USC Fisher Museum of Art proudly announces a timely exhibition that depicts how humans are directly and indirectly impacting the planet. Earth Works: Mapping the Anthropocene is presented by USC Fisher Museum of Art in collaboration with the Natural History Museum of Los Angeles County (NHMLA).
The exhibition features 24 works by Justin Brice Guariglia, including one work—the 11 feet by 16 feet Jakobshavn I depicting one of Greenland’s fastest-melting glaciers—to be displayed across the street at NHMLA. Earth Works, traveling from the Norton Museum of Art in West Palm Beach, FL, where it debuted and was curated by Tim B. Wride, that museum’s William and Sarah Ross Soter Curator of Photography, opens on September 18, 2018 and runs through December 8, 2018.
Justin Brice Guariglia is a transdisciplinary artist, who in 2015 and 2016, flew seven times with NASA as part of Operation Ice Bridge, a survey mission of Greenland to study how melting glaciers affect sea level rise. Guariglia’s photographic works, which can be viewed as blurring the line between photography and painting, explore our current ecological crisis. Ranging in scale from as small as 2.5 x 3.3 feet to as large as 12 x 16 feet, these images illustrate Greenland’s melting and deteriorating glacial ice sheets and sea ice in stunning detail and on a monumental scale. Other images reflect the impact of agriculture and mining on the Earth’s surface.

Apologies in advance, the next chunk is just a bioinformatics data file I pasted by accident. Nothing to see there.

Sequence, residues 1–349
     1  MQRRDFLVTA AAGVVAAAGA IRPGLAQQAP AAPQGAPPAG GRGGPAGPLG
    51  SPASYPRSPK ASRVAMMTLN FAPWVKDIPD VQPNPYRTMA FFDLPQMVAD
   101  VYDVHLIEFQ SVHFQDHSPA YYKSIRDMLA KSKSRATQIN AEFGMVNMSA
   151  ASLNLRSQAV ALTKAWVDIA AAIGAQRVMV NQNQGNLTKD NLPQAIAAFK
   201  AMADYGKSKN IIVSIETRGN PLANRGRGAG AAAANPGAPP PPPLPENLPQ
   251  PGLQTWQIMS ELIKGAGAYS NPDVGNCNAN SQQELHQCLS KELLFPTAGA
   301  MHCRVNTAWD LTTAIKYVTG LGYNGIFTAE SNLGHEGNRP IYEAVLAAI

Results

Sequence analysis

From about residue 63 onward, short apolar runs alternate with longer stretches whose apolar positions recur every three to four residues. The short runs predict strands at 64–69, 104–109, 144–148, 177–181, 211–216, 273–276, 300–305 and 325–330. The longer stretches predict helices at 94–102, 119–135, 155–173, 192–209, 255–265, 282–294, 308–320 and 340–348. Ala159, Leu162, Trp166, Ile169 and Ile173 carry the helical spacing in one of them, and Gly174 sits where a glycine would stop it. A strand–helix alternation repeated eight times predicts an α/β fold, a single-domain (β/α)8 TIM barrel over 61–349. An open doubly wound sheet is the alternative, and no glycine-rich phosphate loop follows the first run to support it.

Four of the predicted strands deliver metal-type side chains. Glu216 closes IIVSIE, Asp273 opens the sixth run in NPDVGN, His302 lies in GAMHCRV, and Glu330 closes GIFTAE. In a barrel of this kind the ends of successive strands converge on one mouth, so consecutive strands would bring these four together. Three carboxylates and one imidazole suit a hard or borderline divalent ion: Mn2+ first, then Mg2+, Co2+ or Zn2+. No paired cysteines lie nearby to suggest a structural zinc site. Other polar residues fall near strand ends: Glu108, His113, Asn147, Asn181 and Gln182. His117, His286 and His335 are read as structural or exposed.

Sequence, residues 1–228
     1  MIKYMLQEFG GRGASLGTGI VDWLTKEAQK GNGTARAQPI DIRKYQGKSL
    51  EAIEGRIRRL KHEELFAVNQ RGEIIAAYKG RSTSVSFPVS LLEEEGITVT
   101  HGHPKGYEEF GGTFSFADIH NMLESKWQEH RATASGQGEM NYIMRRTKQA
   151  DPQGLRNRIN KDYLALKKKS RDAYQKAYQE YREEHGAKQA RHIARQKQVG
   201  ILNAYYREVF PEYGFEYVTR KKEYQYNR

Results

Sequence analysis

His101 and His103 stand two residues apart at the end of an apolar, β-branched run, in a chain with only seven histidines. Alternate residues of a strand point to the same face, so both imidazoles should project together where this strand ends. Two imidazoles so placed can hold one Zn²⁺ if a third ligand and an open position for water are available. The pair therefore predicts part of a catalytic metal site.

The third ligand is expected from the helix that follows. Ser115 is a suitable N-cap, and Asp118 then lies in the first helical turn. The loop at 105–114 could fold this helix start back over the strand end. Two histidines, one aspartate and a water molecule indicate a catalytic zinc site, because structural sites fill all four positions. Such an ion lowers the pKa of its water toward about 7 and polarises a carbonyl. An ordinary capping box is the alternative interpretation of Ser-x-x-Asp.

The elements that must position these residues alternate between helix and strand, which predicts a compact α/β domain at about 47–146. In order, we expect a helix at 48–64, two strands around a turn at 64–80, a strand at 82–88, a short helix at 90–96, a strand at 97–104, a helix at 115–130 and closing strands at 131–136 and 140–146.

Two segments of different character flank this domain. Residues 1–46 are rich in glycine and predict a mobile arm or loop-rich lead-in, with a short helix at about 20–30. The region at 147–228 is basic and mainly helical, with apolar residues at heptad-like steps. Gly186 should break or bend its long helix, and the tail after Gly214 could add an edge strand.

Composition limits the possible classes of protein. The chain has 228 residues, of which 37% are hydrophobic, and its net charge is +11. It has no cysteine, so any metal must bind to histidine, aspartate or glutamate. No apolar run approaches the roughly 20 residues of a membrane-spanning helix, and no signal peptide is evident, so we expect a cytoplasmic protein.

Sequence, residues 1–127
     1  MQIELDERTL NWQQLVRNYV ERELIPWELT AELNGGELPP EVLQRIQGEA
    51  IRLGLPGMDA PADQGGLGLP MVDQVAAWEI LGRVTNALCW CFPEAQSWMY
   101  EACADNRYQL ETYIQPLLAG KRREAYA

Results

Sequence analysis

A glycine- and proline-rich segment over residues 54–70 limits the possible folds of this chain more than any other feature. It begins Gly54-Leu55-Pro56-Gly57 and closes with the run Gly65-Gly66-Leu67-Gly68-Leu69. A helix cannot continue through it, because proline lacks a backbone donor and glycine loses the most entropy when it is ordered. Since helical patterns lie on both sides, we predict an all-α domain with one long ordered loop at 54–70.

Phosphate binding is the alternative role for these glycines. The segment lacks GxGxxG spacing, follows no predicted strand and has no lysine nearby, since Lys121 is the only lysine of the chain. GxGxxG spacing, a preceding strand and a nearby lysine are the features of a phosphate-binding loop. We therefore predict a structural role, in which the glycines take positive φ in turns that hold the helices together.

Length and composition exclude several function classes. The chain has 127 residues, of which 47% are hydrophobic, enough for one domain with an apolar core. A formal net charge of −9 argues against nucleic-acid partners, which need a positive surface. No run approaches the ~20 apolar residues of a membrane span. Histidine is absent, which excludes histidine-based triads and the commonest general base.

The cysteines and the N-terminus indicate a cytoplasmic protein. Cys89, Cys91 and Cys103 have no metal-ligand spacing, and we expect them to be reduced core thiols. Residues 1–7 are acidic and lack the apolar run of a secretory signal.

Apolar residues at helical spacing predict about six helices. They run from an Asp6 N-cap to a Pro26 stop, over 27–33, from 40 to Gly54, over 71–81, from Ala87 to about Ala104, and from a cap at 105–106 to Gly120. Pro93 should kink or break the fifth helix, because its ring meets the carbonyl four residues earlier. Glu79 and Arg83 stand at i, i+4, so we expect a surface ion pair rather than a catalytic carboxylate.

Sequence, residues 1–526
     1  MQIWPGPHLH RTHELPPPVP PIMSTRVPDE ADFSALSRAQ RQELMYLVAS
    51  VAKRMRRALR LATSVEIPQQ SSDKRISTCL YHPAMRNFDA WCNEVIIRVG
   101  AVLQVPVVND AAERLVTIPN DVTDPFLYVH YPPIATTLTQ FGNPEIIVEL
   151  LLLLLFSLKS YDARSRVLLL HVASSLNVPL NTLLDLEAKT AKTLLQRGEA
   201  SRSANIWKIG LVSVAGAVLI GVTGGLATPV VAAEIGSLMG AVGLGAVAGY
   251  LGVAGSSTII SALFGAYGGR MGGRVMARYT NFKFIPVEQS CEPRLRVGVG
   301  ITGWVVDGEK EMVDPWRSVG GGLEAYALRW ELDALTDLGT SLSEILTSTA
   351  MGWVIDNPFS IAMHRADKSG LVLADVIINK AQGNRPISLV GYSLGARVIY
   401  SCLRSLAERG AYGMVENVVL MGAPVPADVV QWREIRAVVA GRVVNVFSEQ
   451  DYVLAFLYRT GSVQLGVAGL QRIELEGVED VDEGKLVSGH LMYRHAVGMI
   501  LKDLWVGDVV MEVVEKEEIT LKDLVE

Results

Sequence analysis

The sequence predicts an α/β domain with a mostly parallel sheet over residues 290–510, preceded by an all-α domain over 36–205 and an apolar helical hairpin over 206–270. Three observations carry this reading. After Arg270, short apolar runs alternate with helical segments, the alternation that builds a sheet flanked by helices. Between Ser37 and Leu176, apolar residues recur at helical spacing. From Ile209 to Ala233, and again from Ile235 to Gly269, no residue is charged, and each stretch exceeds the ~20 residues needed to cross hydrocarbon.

The Anthropocene—the age in which humans’ permanent mark on the entire planet, from the far reaches of the atmosphere to the lowest depths of the ocean—represents a new era in geologic history. The images Guariglia took during his flights with NASA, as well as previous works taken from his travels across Asia, serve to illustrate with visual evidence, and through metaphor, the complexity of human impact on the planet.
Guariglia uses an ultra-archival printing process to build layers of acrylic on substrates giving the works a physical depth and dimension. Incorporating materials such as polystyrene, gold, palladium and pewter-leafed panels, and aircraft grade aluminum.
This exhibition is organized by the Norton Museum of Art, West Palm Beach, Florida, and was made possible by the generosity of Vanessa and Anthony Beyer. Additional support was provided by an award from the National Endowment for the Arts, and the William and Sarah Ross Soter Photography Fund and the Sydell and Arthur I. Meyer Endowment Fund at the Norton Museum of Art.